As one of a baker’s dozen or so writers, I performed a couple of short pieces on the theme of either tea, cheese or cake as part of the Speakeasy Salon, which itself was tucked up like a layer of cream and jam in the Eat! Festival. Big thanks to Chloe Daykin and Helen Limon for the organisational wonders, and for the audience member who ate my vegan carrot cake and didn’t either spit it out or die.
Here’s the four pieces I wrote for the event, only two of which were read out (guess which ones).
Each morning before lunch, after he’d swept the floor to earn money for schooling, Gwale would go out to the garden and climb the avocado tree and pick us the best fruits for our dessert. I was terrified of the tree, not for its height, which was larger than I ever imagined, ignorant of how avocados grew, but for the lace of web dipping between branches, the potency of the arachnids who lived amongst places where, if I were stuck, which I knew, from my childhood climbing our plum tree, could happen, I would have to face their brown scurry. My colleagues, mostly Zambian, ate their avocados sprinkled with sugar, as we do grapefruit. It was many years later, while reading Alice Walker’s The Temple of My Familiar and finally realising that Miss Shug meant Miss Sugar, that I understood what sugar might mean to Africans, and why my colleague Siviwe put between fifteen and twenty teaspoons of sugar in each cup of tea, each morning and afternoon, right up until his disappearance, only noticing he had gone when his avocado halves remained un-sprinkled and uneaten.
First Date with Oysters (based on crimes committed by the author)
It could not have gone any better. You squealed with something near delight when you saw it was Planet Hollywood, our table under the Sinatra, the very finest of the plastic memorabilia. You squeezed my arm when I told the waiter to ‘come on, fill the glass up, I’m not paying for a dribble’. Sure the king prawns were a little crunchy, but wasn’t that the fun bit? You laughed perhaps too hard when I took the chilli bowl, not the ginger, to clear my palate. And okay, Tabasco is not for snorting. Perhaps I should’ve known that blue meant red, that corked didn’t mean unopened, that sweetbreads weren’t, well, sweet bread. But none of that mattered. It could not have gotten any better. And then it did. Big, grey, gloopy oysters for dessert, I gobbled greedily. ‘But we didn’t order Oysters,’ you said, not touching your plate.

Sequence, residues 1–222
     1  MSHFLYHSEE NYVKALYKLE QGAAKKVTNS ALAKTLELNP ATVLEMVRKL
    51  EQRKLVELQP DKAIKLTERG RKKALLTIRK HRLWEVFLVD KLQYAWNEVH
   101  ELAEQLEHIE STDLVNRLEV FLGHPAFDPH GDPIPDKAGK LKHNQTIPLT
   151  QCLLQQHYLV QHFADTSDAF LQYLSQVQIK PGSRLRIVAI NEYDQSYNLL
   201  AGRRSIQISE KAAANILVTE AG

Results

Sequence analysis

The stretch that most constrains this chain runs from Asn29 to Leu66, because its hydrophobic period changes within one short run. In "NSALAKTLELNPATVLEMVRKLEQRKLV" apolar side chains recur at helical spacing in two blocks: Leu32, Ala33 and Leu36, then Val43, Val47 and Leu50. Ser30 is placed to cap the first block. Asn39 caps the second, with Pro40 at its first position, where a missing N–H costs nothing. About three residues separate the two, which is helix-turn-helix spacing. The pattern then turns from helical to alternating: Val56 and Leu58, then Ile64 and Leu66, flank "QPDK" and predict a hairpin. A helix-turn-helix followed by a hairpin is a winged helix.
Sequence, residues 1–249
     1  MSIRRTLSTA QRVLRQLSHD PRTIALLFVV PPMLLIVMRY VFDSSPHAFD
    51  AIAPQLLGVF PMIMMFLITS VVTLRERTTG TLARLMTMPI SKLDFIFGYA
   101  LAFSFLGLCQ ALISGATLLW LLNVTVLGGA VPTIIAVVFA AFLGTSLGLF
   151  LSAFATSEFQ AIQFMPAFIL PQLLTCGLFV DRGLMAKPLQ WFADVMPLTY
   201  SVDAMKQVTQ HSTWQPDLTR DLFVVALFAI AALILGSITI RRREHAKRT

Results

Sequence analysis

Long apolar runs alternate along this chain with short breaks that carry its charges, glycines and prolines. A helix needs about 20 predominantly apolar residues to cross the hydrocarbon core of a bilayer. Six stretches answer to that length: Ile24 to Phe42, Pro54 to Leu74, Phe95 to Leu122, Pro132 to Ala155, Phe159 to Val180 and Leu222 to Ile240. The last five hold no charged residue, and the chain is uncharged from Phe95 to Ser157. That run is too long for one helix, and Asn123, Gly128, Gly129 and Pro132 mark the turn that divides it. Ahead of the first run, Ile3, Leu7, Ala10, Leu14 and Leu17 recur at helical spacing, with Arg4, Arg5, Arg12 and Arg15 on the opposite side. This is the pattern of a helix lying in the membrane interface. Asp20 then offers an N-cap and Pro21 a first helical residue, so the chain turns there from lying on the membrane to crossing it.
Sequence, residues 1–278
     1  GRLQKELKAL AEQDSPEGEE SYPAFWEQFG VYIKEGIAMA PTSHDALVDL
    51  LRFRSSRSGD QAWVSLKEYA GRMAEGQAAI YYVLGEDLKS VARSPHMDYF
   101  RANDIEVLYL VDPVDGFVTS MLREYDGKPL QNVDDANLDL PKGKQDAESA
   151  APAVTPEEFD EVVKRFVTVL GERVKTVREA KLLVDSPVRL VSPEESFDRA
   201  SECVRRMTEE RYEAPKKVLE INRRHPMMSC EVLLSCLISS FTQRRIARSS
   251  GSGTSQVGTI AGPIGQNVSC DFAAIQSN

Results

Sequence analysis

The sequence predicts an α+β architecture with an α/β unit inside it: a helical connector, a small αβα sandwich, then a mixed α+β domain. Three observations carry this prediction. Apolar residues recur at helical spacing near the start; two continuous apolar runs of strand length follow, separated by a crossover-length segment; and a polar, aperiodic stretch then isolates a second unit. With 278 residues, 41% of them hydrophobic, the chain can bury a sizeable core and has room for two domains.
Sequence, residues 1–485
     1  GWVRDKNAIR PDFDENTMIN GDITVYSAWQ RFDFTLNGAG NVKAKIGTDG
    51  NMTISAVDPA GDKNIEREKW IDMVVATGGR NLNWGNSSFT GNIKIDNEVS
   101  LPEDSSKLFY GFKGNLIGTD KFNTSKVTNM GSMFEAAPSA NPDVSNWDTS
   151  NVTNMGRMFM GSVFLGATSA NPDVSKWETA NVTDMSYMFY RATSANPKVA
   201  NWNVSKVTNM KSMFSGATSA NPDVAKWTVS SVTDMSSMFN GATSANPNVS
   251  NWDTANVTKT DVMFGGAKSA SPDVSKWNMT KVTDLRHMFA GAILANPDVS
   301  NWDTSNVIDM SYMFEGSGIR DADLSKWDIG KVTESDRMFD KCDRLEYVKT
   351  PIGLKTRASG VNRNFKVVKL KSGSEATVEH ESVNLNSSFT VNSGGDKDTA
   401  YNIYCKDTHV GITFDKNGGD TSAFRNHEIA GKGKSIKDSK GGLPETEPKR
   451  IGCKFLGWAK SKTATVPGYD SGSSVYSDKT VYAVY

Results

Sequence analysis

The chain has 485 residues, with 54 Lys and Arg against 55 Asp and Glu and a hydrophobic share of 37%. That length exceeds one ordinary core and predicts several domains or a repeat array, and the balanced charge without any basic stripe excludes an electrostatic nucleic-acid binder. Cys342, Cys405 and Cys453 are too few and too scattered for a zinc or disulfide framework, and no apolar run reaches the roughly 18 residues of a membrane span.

The Kindness of Strangers (also a true story)
No-wonder Dunja did not date Westerners. In the fat of the war, as Milosevic besieged Sarajevo and every other city across Bosnia, the West, sending convoys to her aid, did not discriminate in the foods they sent. To Tuzla, sixty days under the sniper, arrived one morning in a Red Cross-bartered ceasefire, three trucks from Catalonia filled with sodium chloride. The white stuff, seasoning, vinegar’s other half, life’s essential solution-reactor, and, thought Spain, foodstuff’s symbolic saviour. Of course, Tuzla is the only city in Europe with its own salt lake. In Ottoman Turkish, it means ‘salt’. So the Tuzlans, under the eyes of the Red Cross and unbelieving snipers, poured those truckloads straight into the Pannonian. (And Ivana from Croatia, I soon discovered, was more amenable to the gut flora of foreigners.)
Obituary for a fillet steak
My friend, Cow 269, a Belgian Blue,
Who passed nine days ago at target weight,
Of fourteen-hundred pounds minus his hide.
Who was once sprayed with silver paint by teens
Causing trouble for grazing on’t Town Moor,
And who rubbed his nose against a lamppost
To cheer on my Park Run personal best.
Was this week fed to a hundred diners
At Blackfriars. He was clipped in a crush
as I clip my own hair. Stunned, cut up, cured.
He is survived, for now, by ten billion more.